Verizon Business DSL
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Thread: Verizon Business DSL

  1. #1
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    Verizon Business DSL

    Does anyone have any thoughts on Verizon Business DSL? On their website it says its only $40 bucks a month for 1.5M/385, which is less than I'm paying now for Earthlink home DSL!!

    I can't seem to find the TOS for Verizon Biz DSL, though, because I want to know if I would be able to run servers, including a mail server..maybe they'll only let you run a server/e-mail server if you buy the static IP too?

    Any opinions?
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  2. #2
    AO Decepticon CXGJarrod's Avatar
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    One thing that you might look out (with business DSL) is that to get business dsl (at least in my area) you have to have a business phone line. (Which means you pay for all local calls) Usually the static IP plans are the ones that they want you to get to host any sort of website. Some companies charge $50 or $100 if you want to host a domain name, but you can get around that. (They dont usually check) That is my experience with SBC at least.

    One thing to look at:

    From http://www22.verizon.com/Business/fy...OrderingId=VOL
    Benefits

    · Experience faster downloads with maximum connection speeds ranging from up to 1.5M/384K to 7.1M/768K (where available).
    · Share your DSL connection by setting up a LAN, allowing multiple users to access the Internet simultaneously.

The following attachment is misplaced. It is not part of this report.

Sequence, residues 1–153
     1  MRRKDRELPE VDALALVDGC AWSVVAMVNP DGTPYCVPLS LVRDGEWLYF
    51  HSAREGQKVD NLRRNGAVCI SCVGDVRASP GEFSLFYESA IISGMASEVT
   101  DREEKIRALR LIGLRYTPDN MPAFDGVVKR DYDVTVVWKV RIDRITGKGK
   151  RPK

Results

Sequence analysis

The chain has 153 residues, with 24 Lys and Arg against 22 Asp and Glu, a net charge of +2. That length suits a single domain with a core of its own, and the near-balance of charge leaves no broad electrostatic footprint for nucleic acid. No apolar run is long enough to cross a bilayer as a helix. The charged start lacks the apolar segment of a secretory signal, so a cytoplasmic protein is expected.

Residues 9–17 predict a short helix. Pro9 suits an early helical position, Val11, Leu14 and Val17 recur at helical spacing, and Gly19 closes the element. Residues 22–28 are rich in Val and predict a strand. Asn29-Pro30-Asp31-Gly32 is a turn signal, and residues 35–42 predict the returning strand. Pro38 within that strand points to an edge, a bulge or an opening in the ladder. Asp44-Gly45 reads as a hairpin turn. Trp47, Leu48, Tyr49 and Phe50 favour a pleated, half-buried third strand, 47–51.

· Host your own Web site and/or e-mail and FTP servers with Static IP DSL .
    · Connect to the Internet while using the same phone line to carry voice or fax.
    This makes me think that they want you to buy the static ip to host a server.

    Also here is the terms of service for home users:

    http://www.verizon.net/policies/vzcom/tos_popup.asp

    Check out 3.6E

    Also check out http://www.dslreports.com for reviews on the service.
    N00b> STFU i r teh 1337 (english: You must be mistaken, good sir or madam. I believe myself to be quite a good player. On an unrelated matter, I also apparently enjoy math.)

  3. #3
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    Thanks for your reply, CXGJarrod. I called Verizon about it, and the guy said you don't need to purchase the static IP in order to run your own server, just that it makes it easier to run with the static IP. He also said that the TOS that you posted was not for Business DSL, so I'm guessing that the TOS on the website was referring to Residential DSL.

    I just hope that he knew what he was talking about and did not mislead me...
    Either get busy living or get busy dying.

    -The Sawshank Redemption

  4. #4
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    my companys paying around 75 a month for verizon biz class. depending on the distance from co and other factors. 40 bucks may be just an intro price like the intro for home is 29.95
    Bukhari:V3B48N826 “The Prophet said, ‘Isn’t the witness of a woman equal to half of that of a man?’ The women said, ‘Yes.’ He said, ‘This is because of the deficiency of a woman’s mind.’”

  5. #5
    you don't need to purchase the static IP in order to run your own server, just that it makes it easier to run with the static IP.
    He's right, but it makes it much easier. We almost switched to cable here but decided against for that very reason. With a dynamic IP, we were told our router might work with it (no guarantees), but if it did it would require configuration changes so that it could work with a constantly changing IP, whereas with a static IP it's much simpler. However, to get a static IP with cable, we'd have to pay more, so we politely bade them adue and stuck with DSL.

  6. #6
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    If you want to run a site on a dynamic IP, I'd recommend using a dynamic DNS service like http://no-ip.com .

    Cheers,
    cgkanchi
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  7. #7